2022 looks to overcome many of the uncertainties that perpetrated the market in 2021. Moody’s has suggested that the industry is in good health looking to 2022. From an investment perspective ESG and Alternatives are likely to be top of the agenda. Client interaction is set for further evolution with technology playing a major part here. Technology is also set to impact how Asset Managers best facilitate the continued ‘new normal’ of working. Asset Managers need to demonstrate a continued level of flexibility; both with how they approach investing and their engagement with colleagues and clients. A further focus is to create a strong alignment of culture with company values to make the business appeal both internally and externally.
Carlyle has collated intelligence and insight to provide a snapshot of what 2022 may hold for the industry.
Long term risks continue to be a consideration whether it be new COVID variants, rising interest rates, inflation, policy changes from Central Banks, or bottle necks from consumer spending.
That said, several trends are expected to emerge this year not least the continued rise of Alternatives. No longer the niche of institutional investors but with wider access given to wholesale clients. Asset Managers with a private market’s capability may need to consider how they approach the wholesale market to take advantage of the expected inflows. This may mean the setting up of a new function or an expansion of an already, albeit small, team. In light of this, more private market funds are expected to be set up in the form of “unregulated funds/partnerships.” From an institutional investor perspective, they may look to allocate more to Commodities and Real Estate strategies in order to mitigate the risk of transitory and secular inflation.
An obvious way for traditional managers to expand into Alternatives is through acquisitions, a number of which occurred in 2021. However this comes with its own risks not least the valuation of potential acquisitions, which are expected to increase with more demand, and the potential cultural challenges this brings. Expanding more organically through smaller team acquisitions is a way of mitigating such risks. However, the ever-increasing pressure to find profitable growth opportunities has reached the point where not having these capabilities is too great.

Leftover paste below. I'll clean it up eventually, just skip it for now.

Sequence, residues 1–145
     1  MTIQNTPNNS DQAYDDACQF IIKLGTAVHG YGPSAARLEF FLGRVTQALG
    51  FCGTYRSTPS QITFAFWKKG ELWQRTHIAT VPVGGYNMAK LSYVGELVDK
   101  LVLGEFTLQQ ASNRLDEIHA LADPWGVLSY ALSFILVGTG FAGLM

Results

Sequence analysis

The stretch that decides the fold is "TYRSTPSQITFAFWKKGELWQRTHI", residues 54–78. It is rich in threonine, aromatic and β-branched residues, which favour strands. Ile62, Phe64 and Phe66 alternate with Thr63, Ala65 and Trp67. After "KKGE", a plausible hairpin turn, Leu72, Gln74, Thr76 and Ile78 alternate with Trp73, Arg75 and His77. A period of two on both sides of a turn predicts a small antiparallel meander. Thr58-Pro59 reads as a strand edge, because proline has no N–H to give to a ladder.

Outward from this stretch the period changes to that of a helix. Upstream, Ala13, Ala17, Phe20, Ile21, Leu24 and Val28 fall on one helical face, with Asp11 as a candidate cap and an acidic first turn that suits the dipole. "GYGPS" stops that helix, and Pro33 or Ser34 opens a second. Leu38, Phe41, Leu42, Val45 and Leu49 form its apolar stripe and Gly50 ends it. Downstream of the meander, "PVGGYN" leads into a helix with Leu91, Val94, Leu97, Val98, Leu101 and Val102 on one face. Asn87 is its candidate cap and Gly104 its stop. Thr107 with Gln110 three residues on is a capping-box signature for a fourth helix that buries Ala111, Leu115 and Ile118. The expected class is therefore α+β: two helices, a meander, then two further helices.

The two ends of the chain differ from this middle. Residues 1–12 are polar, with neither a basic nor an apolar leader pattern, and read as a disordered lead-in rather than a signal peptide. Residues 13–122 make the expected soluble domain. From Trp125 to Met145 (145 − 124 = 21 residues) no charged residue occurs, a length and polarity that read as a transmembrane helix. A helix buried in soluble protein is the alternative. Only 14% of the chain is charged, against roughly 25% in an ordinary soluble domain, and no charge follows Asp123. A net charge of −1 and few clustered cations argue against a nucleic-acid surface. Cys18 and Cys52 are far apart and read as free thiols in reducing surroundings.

Sustainability as a trend has moved at tremendous pace over the last few years, not just within the asset management industry but across all industries. One of the biggest changes is the use of data by investors, with more data than ever available best exampled by Scope three. Asset Managers need to be in a position to analyse and act upon this data, to make it a natural part of the research approach. Not doing so potentially means they run the risk of being left behind.
Although inflows have slowed since peaking in 2020, a report by Celente suggests that assets in dedicated ESG funds are expected to top $53trillion by the end of 2022. Specifically Green Bonds and Private Market strategies are expected to see a great portion of this. In addition, the report notes 8 out of 10 millennials now care more about ESG factors than just pure returns. Asset Managers need to consider this. They need to be able to disclose their ESG research to capture the attention of this audience and how it forms part of the investment decision making process.
In light of the above, Asset Mangers are expected to launch holistic products to differentiate themselves. Asset Managers will need to take a customer-led approach, where product design is just one aspect. There is a need to fulfil other desires including purpose, creating an impact whether that be at community level or with a specific aim in mind. Returns are not the sole aspect for the new age of clients.
2022 will see a continuation of existing trends when it comes to investment. Asset Managers need to have the right teams and strategy in place to stand themselves apart in an ever-increasing competitive landscape.
George Windsor, Head of Asset Management, Carlyle